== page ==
Now that we’ve discussed the background, design, and initial findings of our Alameda County Assembly Bill 12 Homeless Youth Demonstration Project, let’s take a brief look at a couple other jurisdictions in California to see what commonalities exist among older homeless adolescents and the barriers to housing stability they contend with.
San Francisco’s homeless youth are well served by Larkin Street Youth Services, whose report, Youth Homelessness in San Francisco: 2012 Report on Incidence and Needs (May 2013) provides an excellent overview.
Another report – No Way Home: Understanding the Needs and Experiences of Homeless Youth in Hollywood – released in November 2010 by the Division of Adolescent Medicine, Children’s Hospital Los Angeles and the Agencies of the Hollywood Homeless Youth Partnership (HHYP) – is an in-depth report on youth homelessness in Hollywood. Comparing the findings in these reports with those of our project, we note many commonalities among older homeless youth.
Barriers to Housing Stability
Not surprisingly, the life circumstances of homeless youth are similar across locations. Most have histories of previous involvement in the foster care or juvenile justice systems. In L.A., 40 percent of homeless youth surveyed reported having been removed from their homes by Child Protective Services, and 69 percent reported involvement with the juvenile or criminal justice system at some point in their lives. Forty-four percent of homeless youth served by Larkin Street reported having been in foster care, and over half of the youth reported having been arrested, with a third having spent time in jail.
Forty-two percent of youth in the Alameda County AB 12 Demonstration Project, who are as a set younger than the youths surveyed in LA or served by Larkin Street, were currently or had previously been in foster care; 41 percent had current or previous involvement with the juvenile justice system. In all, eight out of ten youth referred to the AB 12 Demo Project reported prior involvement in either the foster care or juvenile justice system.
Mental Health Challenges and Other Risk Factors
Largely due to the stress arising from their systems involvement, as well as from living on the streets or being precariously housed with relatives or acquaintances, homeless youth experience mental heath issues, no matter which part of the state they live in. Nearly half of the youth served by Larkin Street reported episodes of serious depression in the previous 30 days. Similarly in L.A., close to half of the youth surveyed by HHYP met the criteria for clinical depression.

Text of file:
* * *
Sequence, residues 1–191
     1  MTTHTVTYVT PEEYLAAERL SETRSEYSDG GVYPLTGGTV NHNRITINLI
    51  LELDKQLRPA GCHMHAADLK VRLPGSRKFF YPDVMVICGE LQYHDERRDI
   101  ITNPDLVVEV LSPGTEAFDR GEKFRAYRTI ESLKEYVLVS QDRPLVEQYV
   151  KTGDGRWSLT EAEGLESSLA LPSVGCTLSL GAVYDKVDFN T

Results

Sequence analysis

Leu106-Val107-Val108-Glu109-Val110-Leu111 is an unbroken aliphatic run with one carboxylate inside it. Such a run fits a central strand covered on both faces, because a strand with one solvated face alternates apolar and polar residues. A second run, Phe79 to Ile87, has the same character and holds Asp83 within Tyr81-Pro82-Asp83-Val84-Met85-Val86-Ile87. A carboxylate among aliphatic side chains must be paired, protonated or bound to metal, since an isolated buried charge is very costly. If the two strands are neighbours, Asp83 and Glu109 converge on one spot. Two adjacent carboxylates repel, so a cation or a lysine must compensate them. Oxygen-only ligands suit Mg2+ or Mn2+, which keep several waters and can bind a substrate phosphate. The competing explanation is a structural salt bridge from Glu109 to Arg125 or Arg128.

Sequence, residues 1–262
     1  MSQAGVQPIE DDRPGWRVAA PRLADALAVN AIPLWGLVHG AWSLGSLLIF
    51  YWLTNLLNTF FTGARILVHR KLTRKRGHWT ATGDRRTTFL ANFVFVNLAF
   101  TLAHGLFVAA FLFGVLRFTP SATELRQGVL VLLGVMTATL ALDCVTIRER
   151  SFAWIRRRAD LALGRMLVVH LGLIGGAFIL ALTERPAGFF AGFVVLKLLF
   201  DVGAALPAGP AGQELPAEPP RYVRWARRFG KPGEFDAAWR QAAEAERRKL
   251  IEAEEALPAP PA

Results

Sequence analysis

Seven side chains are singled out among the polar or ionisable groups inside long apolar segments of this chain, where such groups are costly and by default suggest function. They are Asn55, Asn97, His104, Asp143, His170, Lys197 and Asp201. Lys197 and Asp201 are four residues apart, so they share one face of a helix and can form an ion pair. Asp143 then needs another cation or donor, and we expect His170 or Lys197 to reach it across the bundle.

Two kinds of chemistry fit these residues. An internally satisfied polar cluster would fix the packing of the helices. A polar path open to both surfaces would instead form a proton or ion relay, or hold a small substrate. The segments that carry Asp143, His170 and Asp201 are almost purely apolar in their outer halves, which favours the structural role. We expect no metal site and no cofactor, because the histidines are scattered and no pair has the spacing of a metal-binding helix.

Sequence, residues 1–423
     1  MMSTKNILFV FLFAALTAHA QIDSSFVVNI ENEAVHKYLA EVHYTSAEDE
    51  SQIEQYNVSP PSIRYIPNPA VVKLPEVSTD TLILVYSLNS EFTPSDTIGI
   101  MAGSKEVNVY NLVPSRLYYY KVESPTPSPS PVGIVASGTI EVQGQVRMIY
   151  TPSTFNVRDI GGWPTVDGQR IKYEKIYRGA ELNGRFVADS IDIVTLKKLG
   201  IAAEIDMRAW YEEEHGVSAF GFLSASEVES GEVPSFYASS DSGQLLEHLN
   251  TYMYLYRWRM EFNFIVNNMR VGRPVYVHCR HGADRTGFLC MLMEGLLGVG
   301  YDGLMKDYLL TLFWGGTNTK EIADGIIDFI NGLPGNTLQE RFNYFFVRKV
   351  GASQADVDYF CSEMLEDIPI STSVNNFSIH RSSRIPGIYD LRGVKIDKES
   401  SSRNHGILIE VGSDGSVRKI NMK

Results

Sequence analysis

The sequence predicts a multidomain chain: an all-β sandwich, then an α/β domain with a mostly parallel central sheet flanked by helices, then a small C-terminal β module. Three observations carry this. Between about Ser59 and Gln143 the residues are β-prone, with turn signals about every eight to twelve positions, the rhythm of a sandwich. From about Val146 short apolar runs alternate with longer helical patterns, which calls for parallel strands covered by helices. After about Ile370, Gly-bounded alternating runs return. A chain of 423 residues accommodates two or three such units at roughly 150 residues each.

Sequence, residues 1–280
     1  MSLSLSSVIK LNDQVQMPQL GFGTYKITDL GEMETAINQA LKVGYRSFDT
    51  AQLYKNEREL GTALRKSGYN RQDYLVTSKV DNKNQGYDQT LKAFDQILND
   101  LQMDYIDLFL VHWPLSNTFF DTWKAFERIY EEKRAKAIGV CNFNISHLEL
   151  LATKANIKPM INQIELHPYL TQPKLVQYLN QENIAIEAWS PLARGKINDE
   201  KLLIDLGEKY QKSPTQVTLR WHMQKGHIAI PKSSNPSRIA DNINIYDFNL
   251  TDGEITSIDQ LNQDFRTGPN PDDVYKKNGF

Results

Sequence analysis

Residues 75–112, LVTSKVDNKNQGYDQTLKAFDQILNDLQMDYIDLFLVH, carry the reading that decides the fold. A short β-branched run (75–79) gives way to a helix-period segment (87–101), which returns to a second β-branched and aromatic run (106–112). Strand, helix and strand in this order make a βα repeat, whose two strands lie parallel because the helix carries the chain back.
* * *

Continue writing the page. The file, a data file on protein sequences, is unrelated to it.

The numbers in Alameda County look much the same, with about half of the youth accessing BayLegal (54 out of 112) reporting that they had been diagnosed with at least one serious mental health concern.
Whether in L.A., San Francisco, or Oakland, homeless youth struggled not only with family conflict and mental health issues but also substance abuse, risk of commercial sexual exploitation, lack of education participation, among other common circumstances that create barriers to their housing stability.
What Does All This Mean?
Most young people who wind up homeless in this state are fleeing disrupted family situations as indicated by their previous systems involvement and self-reporting. They have significant vulnerabilities arising from histories of trauma inherent in the experience of removal from the home (and the experiences that precipitated it), as well as subsequent mental health and substance abuse issues. As any service provider could tell you, they are very difficult to successfully serve.
Our model relies on the provision of civil legal advocacy to allow youth access to income support, health coverage, and other public benefits, as well as case management to ensure their successful ongoing access so that these services can provide the bridge to stability, as they are designed to do. In our model, case management is provided by the same attorneys who help youth access the benefits.
This ongoing relationship takes youth from shelter to stability with a “warm handoff” instead of a cold referral. Project attorneys don’t just help a youth enroll in MediCal– they sign them up, then walk with them into a clinic to introduce them to a therapist so that they can take that first step across the bridge toward more stable ground.
In my next post, we’ll go into more detail about the recommendations for other jurisdictions as well as our plans to replicate the project.
Reed Connell is the Executive Director of the Alameda County Foster Youth Alliance.
On January 1, 2012, Assembly Bill 12, California’s Fostering Connections to Success Act, became law, providing for the expansion of federally funded, mandated supports and services to foster youth ages 18-21. The Alameda County AB 12 Homeless Youth Demonstration Project was timed to coincide with the implementation of this extraordinary new law. This series documents the project’s purpose, procedures, and findings.